Last year, when Hurricane Matthew was spinning havoc in the Atlantic, Virginia Wasserberg’s house was spared gale-force winds, but the hurricane brought storm surge into her home.
“The entire first floor of the home suffered about 18 inches of flood water,” said Wasserberg, who lives in Virginia Beach, Virginia. Much of the loss had sentimental value. “Some items that were irreplaceable — things that were given to us from family members that had passed away,” she said. “You’re not going to recover those items again.”
But other things had clearly defined value, like furniture, electronics and appliances. Her family suffered more than $100,000 in damages. She and her husband rebuilt their home using a combination of personal savings, loans and payouts from the policy they had through the National Flood Insurance Program. For them, moving wasn’t an option.
“If you have a mortgage, like my husband and I do, and your house floods, and you don’t rebuild, you cannot collect the money from the flood insurance program,” Wasserberg said. “Then you will have to foreclose on the home and take the risk of running bankruptcy.”
Since the storm, she’s made it her mission to educate the public on flood risk in Virginia Beach, starting a community Facebook page called Stop the Flooding Now. She has since learned her house will likely flood again.
Among the laundry list of items Congress faces before year’s end is a Dec. 22 deadline to reauthorize the National Flood Insurance Program. It’s seen as an opportunity to bring reforms to the decades-old program, which has many widely acknowledged problems, including billions of dollars of debt.
The NFIP grants up to $250,000 in coverage. It’s long been criticized for how it incentivizes homeowners to rebuild in vulnerable areas, often at taxpayers’ expense, or to the detriment of others who are covered by the program in less risky inland areas.
“The problem is not that [homeowners] rebuild, but the problem is that they don’t face actuarially fair prices for insurance,” said Michael Greenstone, a professor of economics at the University of Chicago. “In that sense, the rest of us — the people who don’t live in those flood zones — are subsidizing people who want to live in flood zones.”
He said the low NFIP premiums for homes in floodplains are insufficient to cover the program’s actual costs. Then, when disaster hits, taxpayers make up the gap.
There have been efforts to end subsidies and impose market rates. In 2012, the Biggert-Waters Act stepped up rate increases for repeatedly flooded homes. It got a lot of pushback, however, and many of the provisions were repealed two years later.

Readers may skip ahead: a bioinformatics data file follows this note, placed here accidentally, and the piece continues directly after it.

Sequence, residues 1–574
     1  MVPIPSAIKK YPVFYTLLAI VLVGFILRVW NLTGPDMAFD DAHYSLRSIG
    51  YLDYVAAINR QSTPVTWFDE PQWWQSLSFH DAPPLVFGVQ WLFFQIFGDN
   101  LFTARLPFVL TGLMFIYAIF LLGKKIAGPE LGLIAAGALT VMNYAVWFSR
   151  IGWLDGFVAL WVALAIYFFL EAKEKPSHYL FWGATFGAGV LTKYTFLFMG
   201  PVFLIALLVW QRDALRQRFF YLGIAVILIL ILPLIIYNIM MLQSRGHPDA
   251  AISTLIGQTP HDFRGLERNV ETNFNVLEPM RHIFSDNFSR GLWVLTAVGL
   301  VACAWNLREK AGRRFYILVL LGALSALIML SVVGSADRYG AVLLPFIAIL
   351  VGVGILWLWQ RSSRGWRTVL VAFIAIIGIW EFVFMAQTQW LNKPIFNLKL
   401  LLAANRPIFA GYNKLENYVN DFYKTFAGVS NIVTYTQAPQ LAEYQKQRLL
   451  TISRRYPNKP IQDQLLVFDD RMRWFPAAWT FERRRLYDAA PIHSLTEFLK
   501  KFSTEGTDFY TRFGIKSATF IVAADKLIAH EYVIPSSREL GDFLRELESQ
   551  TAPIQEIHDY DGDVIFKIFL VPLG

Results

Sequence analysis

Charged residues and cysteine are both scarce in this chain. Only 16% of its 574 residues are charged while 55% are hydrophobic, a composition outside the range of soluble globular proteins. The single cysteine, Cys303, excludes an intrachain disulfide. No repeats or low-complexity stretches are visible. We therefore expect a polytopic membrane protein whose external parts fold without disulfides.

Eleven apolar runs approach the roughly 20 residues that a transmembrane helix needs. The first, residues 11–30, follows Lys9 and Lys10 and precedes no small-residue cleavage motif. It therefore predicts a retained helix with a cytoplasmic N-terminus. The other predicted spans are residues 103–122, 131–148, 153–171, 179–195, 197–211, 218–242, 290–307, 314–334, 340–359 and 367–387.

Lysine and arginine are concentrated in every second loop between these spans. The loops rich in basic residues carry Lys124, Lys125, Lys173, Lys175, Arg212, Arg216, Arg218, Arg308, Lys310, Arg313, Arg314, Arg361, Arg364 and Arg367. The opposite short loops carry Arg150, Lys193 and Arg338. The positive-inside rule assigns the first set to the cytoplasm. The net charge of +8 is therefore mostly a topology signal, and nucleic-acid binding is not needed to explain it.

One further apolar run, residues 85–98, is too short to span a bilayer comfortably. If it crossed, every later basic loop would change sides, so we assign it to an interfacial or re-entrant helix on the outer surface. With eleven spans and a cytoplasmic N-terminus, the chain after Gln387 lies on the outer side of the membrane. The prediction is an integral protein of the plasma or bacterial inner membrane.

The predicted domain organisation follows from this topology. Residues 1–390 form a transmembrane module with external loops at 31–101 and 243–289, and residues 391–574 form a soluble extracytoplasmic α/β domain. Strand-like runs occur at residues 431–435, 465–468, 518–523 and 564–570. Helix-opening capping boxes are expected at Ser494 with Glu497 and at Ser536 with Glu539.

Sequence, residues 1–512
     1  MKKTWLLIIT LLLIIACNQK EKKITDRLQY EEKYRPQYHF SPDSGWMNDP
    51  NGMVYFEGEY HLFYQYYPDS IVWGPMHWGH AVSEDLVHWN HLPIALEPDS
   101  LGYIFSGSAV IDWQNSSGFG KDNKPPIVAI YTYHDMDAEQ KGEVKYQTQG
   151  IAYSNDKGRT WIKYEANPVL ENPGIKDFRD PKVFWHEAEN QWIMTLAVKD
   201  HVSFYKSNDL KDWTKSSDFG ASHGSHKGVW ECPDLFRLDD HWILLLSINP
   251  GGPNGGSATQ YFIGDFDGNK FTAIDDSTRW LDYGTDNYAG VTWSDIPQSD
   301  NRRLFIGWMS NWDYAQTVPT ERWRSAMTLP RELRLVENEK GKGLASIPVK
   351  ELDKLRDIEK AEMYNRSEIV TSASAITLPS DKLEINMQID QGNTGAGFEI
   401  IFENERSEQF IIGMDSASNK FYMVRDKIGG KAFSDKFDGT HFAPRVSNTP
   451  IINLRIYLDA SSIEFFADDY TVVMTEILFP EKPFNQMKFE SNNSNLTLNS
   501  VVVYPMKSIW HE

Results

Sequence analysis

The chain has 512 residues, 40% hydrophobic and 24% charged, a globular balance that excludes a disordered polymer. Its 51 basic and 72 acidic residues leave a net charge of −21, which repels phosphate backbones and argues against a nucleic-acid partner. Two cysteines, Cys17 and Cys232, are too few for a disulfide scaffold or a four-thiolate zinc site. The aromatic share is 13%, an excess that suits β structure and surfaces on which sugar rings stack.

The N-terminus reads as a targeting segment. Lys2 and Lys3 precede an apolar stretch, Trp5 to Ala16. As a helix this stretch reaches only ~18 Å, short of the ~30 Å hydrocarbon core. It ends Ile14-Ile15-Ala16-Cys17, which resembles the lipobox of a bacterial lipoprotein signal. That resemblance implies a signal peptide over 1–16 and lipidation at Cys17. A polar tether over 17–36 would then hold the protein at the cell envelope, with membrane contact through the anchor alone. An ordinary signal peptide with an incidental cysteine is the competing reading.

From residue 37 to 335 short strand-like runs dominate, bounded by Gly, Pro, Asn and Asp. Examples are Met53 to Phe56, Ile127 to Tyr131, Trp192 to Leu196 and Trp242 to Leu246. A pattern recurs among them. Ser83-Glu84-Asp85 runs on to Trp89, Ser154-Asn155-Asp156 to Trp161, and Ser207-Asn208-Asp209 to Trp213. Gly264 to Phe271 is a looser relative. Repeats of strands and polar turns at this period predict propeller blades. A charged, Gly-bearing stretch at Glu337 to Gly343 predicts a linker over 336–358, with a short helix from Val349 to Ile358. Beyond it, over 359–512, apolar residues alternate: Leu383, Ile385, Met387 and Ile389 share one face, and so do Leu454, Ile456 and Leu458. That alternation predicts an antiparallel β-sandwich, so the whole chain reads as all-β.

“On paper it looked like an easy fix,” said Jeff Schlegelmilch, deputy director of the National Center for Disaster Preparedness at Columbia University. “You get the numbers to balance by decreasing the number of high-risk folks that you insure.”
“What happened was that people ended up [having to pay] more too quickly, and couldn't keep up with the payments,“ Schlegelmilch said. “They couldn't sell their house. They couldn't transfer that wealth to anyone, which affected their own economic mobility.”
Politicians in flood-prone areas have little to gain from forcing homeowners to pay more.
“There's not a lot of political courage being on display here in Washington,” said Jimi Grande, senior vice president of government affairs with the National Association of Mutual Insurance Companies. “There are some people, and some efforts, and some packages that would reform the program in a meaningful manner, but they tend to never win the day.”
The House of Representatives has passed a new attempt at flood insurance reform. Among other things, it again proposes rate hikes for houses that flood repeatedly. Jerry Howard, CEO of the National Association of Home Builders, said rate hikes have to be gradual, because the market for private flood insurance just isn’t there yet.
“It’s going to take time to build up the private sector presence in the marketplace,” Howard said.
The deadline to reauthorize the NFIP has already been extended more than once, and it’s possible the Dec. 22 expiration will be pushed into the new year. Homeowners are anxious to know the future of the program so they can plan continued protection for their houses.
“I’m retired, and our home is our most important asset right now,” said William Jennings, chairman of the flood committee for the Princess Anne Plaza Civic League, also in Virgina Beach. “It could be devastated and be worthless, especially if we can’t get flood insurance or if it turns out that the city is not able to engineer something to reroute the water around us or evacuate it from our area,” he said.
In the meantime, Jennings said he recently got notification from the Federal Emergency Management Agency that his insurance rates would go up 18 percent annually until it reaches market rates.
“I’m paying about $2,100 a year now, and that’s quite a surprise,” Jennings said. “Originally, it started out at $300.”
The House’s proposed bill sets a $10,000 cap on annual premiums, an amount that Wasserberg of Virginia Beach said is too much for her to afford.
“It actually raises the price of my flood insurance premium to being unaffordable for me at the price of my mortgage,” Wasserberg said.
Regardless of whether the Senate keeps that in its version of insurance reform, she and her family are fed up with the headaches associated with flooding risks. They put their house up for sale last February.
“My husband and I have studied Virginia Beach and coastal Virginia, and we have made the decision that coastal living is not for us anymore,” she said.